May 6, 2016

Understanding Pasifika youth and the obesogenic environment, Auckland and Wellington, New Zealand

Ridvan Tupai-Firestone, Hana Tuisano, Moana Manukia, Keawe‘aimoku
Kaholokula, Sunia Foliaki, Te Kani Kingi, Rozanne Kruger, Bernhard
Breier, Angelique O’Connell, Barry Borman and Lis Ellison-Loschmann

New Zealand Medical Journal

AIM: In New Zealand, the burden of obesity is greatest among Pacific people, especially in children and adolescents. We investigated the factors of the obesogenic environment that were indigenous to Pasifika youths’ social-cultural context, their food purchasing behaviours, and associated anthropometric measures.

METHODS: An exploratory study of 30 Pasifika youth aged 16–24 years in Wellington and Auckland, New Zealand.

RESULTS: A large proportion of the participants were obese (mean body mass index: 31.0kg/m2; waist-to-hip ratio: 0.84; waist-to-height ratio: 0.6), suggesting that the future health and wellbeing trajectory of the studied Pasifika youth is poor. Purchasing behaviours of food and snacks over a 7-day period provided meaningful insights that could be a useful future research tool to examine the role of their physical environment on food access and availability.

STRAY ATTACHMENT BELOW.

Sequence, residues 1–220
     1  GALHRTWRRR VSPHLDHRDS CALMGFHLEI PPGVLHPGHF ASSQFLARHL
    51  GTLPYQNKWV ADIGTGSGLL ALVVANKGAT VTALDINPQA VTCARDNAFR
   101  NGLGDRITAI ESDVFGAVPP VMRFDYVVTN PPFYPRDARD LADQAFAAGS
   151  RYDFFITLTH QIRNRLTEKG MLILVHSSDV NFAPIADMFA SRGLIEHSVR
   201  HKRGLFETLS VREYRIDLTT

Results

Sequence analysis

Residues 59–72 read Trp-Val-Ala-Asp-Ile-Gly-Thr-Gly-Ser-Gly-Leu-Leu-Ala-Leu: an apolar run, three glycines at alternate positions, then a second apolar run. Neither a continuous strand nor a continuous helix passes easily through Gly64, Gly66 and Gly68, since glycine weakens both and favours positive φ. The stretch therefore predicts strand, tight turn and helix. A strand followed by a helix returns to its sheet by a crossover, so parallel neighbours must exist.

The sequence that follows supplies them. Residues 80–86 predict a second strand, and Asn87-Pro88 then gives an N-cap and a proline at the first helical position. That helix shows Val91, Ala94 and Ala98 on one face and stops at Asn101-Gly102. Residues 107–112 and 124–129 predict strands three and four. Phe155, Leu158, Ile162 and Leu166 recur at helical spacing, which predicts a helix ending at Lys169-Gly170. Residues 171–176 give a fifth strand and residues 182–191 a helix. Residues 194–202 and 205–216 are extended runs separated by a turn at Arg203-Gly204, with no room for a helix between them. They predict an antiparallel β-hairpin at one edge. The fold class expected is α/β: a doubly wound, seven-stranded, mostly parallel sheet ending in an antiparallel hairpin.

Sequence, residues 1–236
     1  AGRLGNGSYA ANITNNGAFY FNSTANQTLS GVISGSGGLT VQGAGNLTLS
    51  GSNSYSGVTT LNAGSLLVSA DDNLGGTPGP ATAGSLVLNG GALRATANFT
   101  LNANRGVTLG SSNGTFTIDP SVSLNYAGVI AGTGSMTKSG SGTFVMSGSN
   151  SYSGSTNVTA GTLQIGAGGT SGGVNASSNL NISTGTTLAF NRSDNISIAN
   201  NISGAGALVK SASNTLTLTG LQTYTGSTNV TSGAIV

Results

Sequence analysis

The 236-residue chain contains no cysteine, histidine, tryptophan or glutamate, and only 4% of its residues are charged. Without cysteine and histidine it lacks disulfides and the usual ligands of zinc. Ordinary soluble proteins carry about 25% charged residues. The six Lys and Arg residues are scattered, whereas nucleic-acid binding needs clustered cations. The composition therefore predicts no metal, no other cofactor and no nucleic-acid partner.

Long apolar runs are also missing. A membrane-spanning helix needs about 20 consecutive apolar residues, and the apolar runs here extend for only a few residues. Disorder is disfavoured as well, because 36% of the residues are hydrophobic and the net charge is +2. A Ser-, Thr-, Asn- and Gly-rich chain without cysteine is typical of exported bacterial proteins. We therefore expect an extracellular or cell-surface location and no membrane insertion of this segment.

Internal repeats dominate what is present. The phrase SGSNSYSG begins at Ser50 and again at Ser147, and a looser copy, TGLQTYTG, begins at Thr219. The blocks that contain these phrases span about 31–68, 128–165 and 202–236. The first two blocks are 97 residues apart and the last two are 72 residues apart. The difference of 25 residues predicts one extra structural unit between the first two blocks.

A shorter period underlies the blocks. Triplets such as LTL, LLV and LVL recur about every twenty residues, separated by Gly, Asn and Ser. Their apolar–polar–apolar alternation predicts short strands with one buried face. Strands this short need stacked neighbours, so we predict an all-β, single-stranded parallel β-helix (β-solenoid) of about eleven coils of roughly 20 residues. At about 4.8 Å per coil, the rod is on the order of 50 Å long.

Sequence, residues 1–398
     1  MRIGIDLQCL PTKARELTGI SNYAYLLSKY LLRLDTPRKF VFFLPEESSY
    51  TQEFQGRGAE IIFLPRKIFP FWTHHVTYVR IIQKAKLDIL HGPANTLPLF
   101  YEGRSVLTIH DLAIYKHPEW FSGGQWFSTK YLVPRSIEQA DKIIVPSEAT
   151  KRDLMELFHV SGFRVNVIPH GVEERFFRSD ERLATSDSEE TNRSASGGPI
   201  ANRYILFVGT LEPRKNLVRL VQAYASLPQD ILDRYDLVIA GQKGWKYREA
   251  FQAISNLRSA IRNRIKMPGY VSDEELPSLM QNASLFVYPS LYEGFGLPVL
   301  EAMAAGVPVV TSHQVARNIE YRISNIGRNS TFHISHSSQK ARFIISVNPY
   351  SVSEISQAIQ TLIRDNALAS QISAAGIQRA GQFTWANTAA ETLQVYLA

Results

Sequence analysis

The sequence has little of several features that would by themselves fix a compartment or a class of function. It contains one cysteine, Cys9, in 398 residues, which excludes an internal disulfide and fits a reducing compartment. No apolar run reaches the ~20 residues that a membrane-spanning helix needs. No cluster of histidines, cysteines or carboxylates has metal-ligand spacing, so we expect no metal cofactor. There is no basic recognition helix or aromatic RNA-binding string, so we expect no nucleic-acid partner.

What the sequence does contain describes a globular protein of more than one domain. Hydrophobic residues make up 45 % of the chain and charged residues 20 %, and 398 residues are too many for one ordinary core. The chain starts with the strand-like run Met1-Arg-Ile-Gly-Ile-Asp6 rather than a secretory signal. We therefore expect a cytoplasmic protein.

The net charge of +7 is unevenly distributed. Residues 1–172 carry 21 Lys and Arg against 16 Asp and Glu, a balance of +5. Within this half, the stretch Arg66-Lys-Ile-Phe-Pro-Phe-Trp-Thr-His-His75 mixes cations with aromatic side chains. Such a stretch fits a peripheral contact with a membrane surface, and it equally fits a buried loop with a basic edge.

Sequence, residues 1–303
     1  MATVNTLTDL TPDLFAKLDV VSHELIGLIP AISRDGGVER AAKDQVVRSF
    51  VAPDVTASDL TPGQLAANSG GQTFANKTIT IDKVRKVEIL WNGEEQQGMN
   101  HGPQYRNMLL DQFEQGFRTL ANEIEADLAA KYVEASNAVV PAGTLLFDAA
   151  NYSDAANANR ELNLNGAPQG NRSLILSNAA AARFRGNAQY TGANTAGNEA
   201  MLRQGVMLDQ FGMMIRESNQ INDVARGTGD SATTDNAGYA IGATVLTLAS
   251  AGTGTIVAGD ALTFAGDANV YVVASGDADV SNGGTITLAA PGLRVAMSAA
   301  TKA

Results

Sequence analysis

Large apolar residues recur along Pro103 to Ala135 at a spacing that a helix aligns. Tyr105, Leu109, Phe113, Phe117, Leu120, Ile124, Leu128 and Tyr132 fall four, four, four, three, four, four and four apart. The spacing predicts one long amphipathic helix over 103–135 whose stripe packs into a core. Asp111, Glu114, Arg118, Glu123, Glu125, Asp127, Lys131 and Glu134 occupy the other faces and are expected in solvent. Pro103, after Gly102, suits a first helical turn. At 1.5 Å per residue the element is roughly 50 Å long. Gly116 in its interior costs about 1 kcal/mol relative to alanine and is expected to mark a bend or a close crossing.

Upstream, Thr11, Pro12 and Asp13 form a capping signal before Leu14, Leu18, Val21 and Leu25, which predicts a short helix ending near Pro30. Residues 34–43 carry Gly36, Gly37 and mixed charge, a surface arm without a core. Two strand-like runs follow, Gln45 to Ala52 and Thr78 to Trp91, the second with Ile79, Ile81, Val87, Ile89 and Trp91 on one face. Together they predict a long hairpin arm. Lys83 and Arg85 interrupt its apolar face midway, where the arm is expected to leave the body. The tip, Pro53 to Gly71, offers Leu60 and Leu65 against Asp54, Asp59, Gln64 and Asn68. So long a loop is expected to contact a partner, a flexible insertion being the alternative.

CONCLUSIONS: From this exploratory study, we highlight the following: (i) the future health trajectory of Pasifika youth is poor. Developing the youths’ healthy lifestyle knowledge may lend itself to developing culturally relevant intervention programmes; (ii) identifying the enablers and barriers within the Pasifika context of an obesogenic environment can provide very useful information; (iii) use of spatial analysis using purchased food receipts adds to the current knowledge base of obesity-related research, although this was an exploratory investigation. We need to address these highlights if we are to reverse the trend of obesity for this population.

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